As temperatures rise and we bid farewell to the winter months, a question remains: Can you use winter tires all year round?
In this blog post, we’ll delve into the whys and why-nots of using winter tires throughout every season while exploring alternatives like all-season tires.
Understanding Winter Tires
Winter tires are specifically designed to offer optimum traction and handling in cold weather conditions and have a different composition and tread pattern than all-season or summer tires.
The unique design elements of winter tires include a softer rubber compound, deeper tread patterns, and a larger surface area. This softer rubber compound, which remains more flexible as temperatures drop, is specially engineered to maintain traction even when the ambient temperature drops below 45°F.
Benefits Of Winter Tyres
Why Can’t I Leave My Winter Tires on Year-Round?
Leaving winter tires on year-round can lead to faster wear, poor performance in dry and wet conditions, decreased handling and safety, higher costs, and reduced fuel efficiency.
1. Poor Performance On Dry And Wet Pavement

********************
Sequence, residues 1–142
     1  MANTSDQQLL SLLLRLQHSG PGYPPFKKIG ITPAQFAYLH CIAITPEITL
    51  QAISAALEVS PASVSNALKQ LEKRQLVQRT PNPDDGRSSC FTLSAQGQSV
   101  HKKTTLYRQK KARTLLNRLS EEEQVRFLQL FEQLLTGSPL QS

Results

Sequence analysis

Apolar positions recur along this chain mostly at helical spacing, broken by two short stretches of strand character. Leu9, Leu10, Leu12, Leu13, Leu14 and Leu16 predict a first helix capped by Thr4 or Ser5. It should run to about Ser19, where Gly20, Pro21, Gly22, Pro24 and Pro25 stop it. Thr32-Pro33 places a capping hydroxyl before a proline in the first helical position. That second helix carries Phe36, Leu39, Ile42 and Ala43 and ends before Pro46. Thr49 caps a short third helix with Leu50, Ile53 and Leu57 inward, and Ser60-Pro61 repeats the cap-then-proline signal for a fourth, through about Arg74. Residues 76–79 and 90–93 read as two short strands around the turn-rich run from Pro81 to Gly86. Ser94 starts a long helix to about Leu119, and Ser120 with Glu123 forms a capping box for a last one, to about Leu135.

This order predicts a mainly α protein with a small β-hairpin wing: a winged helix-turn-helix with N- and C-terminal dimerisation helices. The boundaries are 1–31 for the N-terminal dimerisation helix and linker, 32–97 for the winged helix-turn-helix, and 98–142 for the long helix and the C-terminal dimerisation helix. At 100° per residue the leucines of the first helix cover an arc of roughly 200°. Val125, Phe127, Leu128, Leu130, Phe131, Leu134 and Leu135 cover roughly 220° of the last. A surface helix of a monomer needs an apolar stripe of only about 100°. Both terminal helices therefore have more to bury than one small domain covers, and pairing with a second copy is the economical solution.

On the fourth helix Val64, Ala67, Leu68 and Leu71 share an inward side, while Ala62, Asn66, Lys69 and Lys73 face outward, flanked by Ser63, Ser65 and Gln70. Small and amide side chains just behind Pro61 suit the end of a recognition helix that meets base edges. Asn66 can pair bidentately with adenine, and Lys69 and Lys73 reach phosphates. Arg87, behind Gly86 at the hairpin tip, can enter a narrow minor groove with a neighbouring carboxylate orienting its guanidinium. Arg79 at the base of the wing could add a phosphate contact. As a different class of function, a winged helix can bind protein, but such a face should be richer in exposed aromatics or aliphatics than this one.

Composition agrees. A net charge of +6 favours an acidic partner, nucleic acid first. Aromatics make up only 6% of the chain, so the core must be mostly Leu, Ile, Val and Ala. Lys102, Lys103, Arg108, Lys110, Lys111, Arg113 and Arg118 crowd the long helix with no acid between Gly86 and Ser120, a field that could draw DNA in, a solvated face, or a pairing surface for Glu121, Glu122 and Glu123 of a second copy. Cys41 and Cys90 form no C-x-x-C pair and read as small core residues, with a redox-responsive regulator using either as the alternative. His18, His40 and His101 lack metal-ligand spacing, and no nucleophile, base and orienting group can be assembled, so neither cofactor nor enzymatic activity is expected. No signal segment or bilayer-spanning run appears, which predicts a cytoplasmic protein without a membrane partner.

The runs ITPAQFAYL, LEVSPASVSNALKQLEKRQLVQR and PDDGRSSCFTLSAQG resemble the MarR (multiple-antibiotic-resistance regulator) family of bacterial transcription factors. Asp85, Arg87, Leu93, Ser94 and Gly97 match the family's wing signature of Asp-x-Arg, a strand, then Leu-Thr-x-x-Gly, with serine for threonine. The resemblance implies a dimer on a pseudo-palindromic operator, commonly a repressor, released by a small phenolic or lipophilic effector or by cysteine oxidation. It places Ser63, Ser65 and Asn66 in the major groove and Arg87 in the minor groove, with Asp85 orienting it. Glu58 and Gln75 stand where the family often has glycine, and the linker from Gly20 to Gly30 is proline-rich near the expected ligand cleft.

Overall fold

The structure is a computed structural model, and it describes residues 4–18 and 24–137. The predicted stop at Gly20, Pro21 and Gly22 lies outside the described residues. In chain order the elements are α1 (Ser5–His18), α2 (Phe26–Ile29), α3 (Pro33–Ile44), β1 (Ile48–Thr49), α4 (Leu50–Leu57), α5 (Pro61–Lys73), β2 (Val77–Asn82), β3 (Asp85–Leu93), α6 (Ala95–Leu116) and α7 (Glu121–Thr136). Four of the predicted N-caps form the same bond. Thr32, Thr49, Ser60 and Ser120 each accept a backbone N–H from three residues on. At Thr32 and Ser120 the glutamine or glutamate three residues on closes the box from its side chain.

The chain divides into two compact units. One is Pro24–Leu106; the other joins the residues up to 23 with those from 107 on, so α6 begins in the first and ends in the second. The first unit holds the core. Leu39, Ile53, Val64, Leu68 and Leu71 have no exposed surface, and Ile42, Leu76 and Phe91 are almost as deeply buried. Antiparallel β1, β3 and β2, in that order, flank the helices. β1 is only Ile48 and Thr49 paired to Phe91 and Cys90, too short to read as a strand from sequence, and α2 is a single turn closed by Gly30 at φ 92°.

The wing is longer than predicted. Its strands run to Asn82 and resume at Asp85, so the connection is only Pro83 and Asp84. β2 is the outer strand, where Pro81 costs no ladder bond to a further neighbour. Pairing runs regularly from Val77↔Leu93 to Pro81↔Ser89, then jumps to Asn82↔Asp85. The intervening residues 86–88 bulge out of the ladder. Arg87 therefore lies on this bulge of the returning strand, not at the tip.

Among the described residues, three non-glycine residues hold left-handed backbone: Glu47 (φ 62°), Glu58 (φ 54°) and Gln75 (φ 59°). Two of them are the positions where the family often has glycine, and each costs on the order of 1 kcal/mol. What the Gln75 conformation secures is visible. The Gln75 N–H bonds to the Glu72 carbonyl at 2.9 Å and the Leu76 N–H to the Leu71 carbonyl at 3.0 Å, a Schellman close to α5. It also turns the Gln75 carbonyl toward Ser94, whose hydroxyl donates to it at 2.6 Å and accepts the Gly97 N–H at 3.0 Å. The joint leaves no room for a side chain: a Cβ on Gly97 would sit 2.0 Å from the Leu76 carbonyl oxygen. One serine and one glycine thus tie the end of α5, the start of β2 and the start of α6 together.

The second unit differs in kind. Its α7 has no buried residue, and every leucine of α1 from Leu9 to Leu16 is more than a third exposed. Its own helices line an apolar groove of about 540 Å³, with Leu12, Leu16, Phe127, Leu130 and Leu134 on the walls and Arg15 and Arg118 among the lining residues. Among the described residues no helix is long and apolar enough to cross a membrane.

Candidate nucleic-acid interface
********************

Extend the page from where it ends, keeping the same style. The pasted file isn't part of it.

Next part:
Winter tires are specifically designed to provide better traction and handling in cold, snowy or icy conditions. However, these same features that enable them to grip the road more efficiently during winter can actually be a liability when driving on warm weather pavement.
In fact, winter tires lose their effectiveness in warmer temperatures due to their softer rubber compound and deeper treads which result in higher rolling resistance. This means you will not be able to stop your car as quickly compared to using summer or all-season tires.
For example, it may take 35 feet longer for your vehicle to come to a full stop if you brake at 60 mph on dry pavement while using winter tires versus summer tires.
|Dry – 60 mph / 60°F
|Wet – 60 mph / 60°F
|Snowy – 40 mph
2. They’ll Wear More Quickly
The rubber compound of winter tires is softer than that of all-season or summer tires. This enables them to maintain traction in frigid conditions. However, in warmer temperatures, the softer rubber compound can become too soft and wear down more quickly.